Terrorist Hiding Places
Terrorist Hiding Places
"U.S. Forces Find Troubling Items in Afghan Caves"
Date: January 27, 2002
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The nation of Afghanistan has a long history of conflict and invasion. In the second half of the twentieth century, the Soviet Union spent more than a decade in an unsuccessful attempt to prop up the Soviet-sponsored government there. The results for the Soviets were disastrous by almost any measure: 60,000 casualties and costs of more than $20 billion per year. Yet the results for the Afghan people were far worse: six million refugees driven into neighboring countries, 70% of the nation's paved roads destroyed, and 1.5 million people dead. Economically, the war reduced the country's net worth by as much as one-half and left it few resources with which to rebuild.
Following the September 2001 terrorist attacks, U.S. attention quickly turned to this impoverished nation, where Osama Bin Laden and his advisers had been guests of the ruling Taliban since 1996. United States President George W. Bush promptly gave the Taliban an ultimatum requiring the handover of Bin Laden and full access to the terrorist training camps. A similar demand for Bin Laden's surrender was adopted by the United Nations. When the Taliban refused to comply with the demands, the United States and its allies launched an invasion on October 7, 2001.
In a few days, the allied air campaign destroyed most air defenses and terrorist training camps. Pinpoint air attacks and carpet bombing (the dropping of many bombs in a particular area) against Taliban troops were also employed and significant land attacks began as well. The capital city of Kabul fell on November 13, just over a month after the invasion began.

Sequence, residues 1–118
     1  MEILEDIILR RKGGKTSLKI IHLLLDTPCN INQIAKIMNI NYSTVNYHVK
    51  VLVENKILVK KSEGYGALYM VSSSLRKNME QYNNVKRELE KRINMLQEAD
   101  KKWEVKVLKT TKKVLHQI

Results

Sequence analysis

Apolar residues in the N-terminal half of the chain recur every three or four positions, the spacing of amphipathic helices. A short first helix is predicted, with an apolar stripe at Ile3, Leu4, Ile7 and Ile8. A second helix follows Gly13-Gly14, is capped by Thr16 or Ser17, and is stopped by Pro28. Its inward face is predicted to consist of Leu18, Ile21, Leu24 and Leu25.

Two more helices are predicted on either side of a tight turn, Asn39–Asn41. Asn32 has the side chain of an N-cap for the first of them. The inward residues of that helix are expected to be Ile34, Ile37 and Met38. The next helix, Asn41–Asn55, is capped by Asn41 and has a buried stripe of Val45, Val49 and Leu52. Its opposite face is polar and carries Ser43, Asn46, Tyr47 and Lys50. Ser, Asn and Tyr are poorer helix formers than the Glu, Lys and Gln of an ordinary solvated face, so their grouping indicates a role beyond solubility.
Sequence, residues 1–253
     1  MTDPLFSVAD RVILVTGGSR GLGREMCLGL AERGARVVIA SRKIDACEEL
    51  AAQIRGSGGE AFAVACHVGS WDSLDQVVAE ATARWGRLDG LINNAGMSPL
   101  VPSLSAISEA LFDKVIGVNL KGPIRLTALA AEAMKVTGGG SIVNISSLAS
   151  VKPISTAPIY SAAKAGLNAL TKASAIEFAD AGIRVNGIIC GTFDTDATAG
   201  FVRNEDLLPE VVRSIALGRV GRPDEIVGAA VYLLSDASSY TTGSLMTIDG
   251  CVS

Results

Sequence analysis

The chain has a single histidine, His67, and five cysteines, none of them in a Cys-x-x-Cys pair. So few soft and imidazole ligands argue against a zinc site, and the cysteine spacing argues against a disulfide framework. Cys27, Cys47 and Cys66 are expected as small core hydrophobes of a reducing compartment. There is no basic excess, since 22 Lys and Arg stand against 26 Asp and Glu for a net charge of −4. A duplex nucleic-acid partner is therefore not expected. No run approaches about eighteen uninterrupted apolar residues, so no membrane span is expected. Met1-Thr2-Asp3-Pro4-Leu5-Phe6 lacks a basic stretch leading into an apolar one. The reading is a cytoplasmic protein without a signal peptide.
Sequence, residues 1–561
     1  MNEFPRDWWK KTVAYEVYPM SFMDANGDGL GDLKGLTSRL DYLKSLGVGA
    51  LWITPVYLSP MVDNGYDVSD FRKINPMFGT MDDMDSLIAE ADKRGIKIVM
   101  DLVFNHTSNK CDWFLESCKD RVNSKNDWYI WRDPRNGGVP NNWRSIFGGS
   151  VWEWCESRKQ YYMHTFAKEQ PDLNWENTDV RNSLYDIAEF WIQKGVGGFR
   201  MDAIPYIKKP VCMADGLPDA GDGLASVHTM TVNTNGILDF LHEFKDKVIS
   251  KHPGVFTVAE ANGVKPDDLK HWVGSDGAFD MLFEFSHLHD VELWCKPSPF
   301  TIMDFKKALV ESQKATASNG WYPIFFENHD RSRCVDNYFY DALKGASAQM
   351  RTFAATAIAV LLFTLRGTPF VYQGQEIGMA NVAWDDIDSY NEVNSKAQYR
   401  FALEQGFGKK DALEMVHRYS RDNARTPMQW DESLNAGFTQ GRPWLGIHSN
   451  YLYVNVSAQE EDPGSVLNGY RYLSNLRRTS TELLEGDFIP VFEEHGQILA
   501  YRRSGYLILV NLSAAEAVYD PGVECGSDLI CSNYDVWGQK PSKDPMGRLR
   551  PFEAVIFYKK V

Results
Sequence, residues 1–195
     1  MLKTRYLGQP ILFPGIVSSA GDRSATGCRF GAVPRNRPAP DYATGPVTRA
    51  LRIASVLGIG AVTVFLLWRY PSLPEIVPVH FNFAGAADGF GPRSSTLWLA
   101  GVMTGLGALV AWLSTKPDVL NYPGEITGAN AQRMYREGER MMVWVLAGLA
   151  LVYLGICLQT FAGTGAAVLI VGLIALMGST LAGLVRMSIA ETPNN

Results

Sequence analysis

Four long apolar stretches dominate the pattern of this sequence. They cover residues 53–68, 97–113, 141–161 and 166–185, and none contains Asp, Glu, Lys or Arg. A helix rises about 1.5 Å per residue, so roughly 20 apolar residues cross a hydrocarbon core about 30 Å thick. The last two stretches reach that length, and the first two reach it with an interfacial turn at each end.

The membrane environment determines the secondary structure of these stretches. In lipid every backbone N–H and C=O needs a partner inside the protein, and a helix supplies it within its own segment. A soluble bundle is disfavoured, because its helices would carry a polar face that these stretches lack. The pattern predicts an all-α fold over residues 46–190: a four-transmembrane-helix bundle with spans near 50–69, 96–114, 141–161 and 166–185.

While the capture of Kabul was a moral victory in the invasion, the conflict continued throughout the rest of the nation. With few valuable fixed assets, the Afghan fighters were highly mobile, and coalition forces found the rugged terrain difficult, just as the Soviets had two decades before. In particular, a network of caves in the rugged Tora Bora region became a focal point of much of the ongoing conflict, including the search for Bin Laden.
Tora Bora is located in eastern Afghanistan, near the Taliban stronghold of Kandahar and the Pakistani border. While few details are known about the area, it is generally acknowledged to include an extensive network of facilities concealed in interconnected caves. While the term "cave" may be technically correct, the rugged image it conjures up is not; some reports from the Soviet era suggested that the facilities might include elaborate underground structures complete with hydroelectric power, although these reports were unverified.
Despite enormous progress toward self-rule by the Afghan people, fighting remains widespread in the outlying regions of the country. The region around Kandahar has remained particularly volatile.
Kandahar, Afghanistan (AP)— The guns and ammunition were expected. The poster of New York's Twin Towers set against Afghan mountains was not.